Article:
comes in the form of the Coyote Cuties, a dance team comprised of girls aged 6-12 that dance and cheer for the team at home games. The Coyotes play all their home games at the Harper Creek High School football stadium (with the exception of one game this season that will be played at Athens High School) with kickoffs scheduled for 6:30 pm. Admission to the games is only $5, with full concessions and merchandise available as well. This year, all Coyotes games along with the league all-star and championship games will be broadcast live via the Michigan Sports Network ( along with a weekly show recapping and previewing MLFA action. See the Coyotes website for team info, or visit and like their Facebook page at More league information, including a total list of teams and the entire 2015 schedule can be found at Editor’s note: Brian Miller is a managing partner of Petra Video Productions, the parent company of The Michigan Sports Network, which holds a seat on the board of directors for the Battle Creek Coyotes. Contact Brian Miller @

Potential opportunities for KCC alumni ERIC MCCLURE guest writer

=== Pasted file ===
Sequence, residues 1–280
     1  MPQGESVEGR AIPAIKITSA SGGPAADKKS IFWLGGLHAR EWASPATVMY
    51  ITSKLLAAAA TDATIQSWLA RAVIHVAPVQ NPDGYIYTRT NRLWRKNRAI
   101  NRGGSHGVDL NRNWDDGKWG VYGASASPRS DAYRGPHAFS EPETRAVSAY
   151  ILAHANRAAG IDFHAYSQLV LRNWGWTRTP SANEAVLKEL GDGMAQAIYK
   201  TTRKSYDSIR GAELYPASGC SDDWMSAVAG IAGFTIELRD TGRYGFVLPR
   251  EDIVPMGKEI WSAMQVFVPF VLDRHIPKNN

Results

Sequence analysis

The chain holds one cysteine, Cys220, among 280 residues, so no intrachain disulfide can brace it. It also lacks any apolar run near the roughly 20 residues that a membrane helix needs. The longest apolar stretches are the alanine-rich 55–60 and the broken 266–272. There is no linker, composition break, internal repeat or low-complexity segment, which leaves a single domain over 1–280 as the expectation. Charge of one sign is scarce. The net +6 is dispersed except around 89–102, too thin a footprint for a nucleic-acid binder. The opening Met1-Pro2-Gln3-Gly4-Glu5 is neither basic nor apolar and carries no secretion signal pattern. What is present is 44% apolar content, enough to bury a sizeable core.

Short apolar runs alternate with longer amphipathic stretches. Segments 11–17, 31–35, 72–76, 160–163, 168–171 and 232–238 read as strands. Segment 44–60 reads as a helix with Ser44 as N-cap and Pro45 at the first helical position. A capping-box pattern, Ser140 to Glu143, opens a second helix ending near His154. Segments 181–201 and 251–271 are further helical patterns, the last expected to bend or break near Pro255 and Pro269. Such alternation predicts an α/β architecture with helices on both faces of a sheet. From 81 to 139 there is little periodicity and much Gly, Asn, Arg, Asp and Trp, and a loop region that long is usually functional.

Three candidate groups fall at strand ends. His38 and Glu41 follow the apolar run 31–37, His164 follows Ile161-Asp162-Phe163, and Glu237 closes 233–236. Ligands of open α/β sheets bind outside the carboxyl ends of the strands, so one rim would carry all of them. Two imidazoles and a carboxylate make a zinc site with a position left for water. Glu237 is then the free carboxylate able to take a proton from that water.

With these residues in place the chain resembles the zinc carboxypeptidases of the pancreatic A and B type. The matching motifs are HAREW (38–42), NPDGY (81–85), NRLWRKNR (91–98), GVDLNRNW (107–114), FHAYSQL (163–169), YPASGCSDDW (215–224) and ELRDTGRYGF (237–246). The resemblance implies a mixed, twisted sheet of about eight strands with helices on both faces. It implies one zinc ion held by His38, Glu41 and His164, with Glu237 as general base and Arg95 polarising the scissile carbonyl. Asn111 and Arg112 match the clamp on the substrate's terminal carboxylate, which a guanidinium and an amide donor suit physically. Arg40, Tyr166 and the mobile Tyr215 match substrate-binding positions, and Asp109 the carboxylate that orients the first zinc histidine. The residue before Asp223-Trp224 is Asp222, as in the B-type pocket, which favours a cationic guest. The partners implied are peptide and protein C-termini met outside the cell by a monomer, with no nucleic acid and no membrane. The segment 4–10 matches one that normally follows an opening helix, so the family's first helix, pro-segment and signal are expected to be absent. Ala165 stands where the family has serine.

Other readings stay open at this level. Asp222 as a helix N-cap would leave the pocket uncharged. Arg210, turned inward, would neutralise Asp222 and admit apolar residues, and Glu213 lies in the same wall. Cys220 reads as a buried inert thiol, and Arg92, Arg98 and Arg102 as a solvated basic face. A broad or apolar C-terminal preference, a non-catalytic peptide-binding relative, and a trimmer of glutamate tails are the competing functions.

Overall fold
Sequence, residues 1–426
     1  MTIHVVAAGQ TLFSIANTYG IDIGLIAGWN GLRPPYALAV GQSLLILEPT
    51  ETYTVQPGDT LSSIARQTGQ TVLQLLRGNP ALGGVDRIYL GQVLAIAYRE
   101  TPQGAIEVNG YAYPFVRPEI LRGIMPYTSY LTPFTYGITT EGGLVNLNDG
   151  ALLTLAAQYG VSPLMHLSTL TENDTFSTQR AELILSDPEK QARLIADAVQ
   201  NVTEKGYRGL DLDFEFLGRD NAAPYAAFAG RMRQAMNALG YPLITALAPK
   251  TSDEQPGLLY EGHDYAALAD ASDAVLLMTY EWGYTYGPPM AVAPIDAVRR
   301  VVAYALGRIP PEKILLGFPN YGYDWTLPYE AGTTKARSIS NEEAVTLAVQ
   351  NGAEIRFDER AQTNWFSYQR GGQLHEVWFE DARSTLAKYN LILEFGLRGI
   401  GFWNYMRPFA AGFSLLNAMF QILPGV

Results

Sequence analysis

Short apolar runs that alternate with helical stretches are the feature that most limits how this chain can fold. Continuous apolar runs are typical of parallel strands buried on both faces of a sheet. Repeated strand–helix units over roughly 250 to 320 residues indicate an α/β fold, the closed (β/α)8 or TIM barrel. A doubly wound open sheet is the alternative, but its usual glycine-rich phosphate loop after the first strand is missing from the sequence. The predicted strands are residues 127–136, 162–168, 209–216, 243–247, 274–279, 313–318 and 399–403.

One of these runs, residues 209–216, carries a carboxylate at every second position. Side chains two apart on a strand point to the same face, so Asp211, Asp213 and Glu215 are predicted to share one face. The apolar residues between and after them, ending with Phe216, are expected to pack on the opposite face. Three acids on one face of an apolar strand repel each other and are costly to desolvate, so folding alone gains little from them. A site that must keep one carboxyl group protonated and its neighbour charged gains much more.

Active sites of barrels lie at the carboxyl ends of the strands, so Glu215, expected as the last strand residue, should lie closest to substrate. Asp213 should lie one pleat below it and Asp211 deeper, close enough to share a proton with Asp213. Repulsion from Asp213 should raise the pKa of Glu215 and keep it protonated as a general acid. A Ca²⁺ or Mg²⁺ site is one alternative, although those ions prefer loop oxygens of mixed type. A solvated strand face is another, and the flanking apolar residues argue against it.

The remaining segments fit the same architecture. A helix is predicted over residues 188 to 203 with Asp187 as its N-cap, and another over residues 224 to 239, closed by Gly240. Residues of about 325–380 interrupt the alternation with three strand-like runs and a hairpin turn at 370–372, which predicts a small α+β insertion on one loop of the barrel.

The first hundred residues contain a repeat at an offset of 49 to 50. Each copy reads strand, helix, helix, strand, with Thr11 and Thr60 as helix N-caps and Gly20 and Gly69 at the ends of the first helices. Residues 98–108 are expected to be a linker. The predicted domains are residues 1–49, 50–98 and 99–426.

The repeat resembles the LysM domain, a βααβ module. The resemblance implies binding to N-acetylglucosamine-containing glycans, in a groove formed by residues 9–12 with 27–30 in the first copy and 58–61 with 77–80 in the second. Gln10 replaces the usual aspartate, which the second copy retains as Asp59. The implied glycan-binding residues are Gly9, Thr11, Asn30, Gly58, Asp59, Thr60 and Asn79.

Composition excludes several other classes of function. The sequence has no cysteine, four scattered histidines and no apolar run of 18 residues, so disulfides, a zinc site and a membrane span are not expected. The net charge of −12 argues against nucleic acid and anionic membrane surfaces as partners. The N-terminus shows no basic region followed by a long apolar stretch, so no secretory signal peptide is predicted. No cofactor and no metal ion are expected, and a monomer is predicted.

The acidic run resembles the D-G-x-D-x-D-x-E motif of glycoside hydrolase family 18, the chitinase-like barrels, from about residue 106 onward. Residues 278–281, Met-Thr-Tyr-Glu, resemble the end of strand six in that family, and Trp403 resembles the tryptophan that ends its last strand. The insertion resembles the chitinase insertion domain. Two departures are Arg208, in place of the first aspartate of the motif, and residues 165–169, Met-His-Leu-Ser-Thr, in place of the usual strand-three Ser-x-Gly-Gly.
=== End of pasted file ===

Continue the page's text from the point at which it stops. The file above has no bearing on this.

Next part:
On May 14, several hundred KCC students will participate in KCC’s annual commencement ceremony, officially marking their transition from student to alumnus. However, just because alumni may no longer be enrolled in courses at KCC, doesn’t mean that their interaction with the college has to end. KCC’s Career and Employment Services offers several opportunities for alumni to take advantage of after they graduate or transfer. These opportunities range from assistance with résumé/cover letter writing and editing, interview preparation and strategies, as well as networking and job searching. Alumni also continue to have access to the computers and printers within the lab area of the Student Center. One of the most popular resources provided by Career and Employment Services is KCC’s job board through College Central Network. “To use the KCC job board you can register as a student or as an alumni. The job board has about 1,800 companies registered with KCC and all of the jobs posted specify if they are geared towards students or alumni,” Director of Career and Employment Services Patrick Casey said. Once registered, alumni can upload a résumé and search for job opportunities. The KCC job board currently has about 1,700 alumni registered. Career and Employment Services also offers one-on-one services for alumni, such as career advising. “Some students receive their Associates of General Studies and then ask now what? We can utilize assessment tools to help identify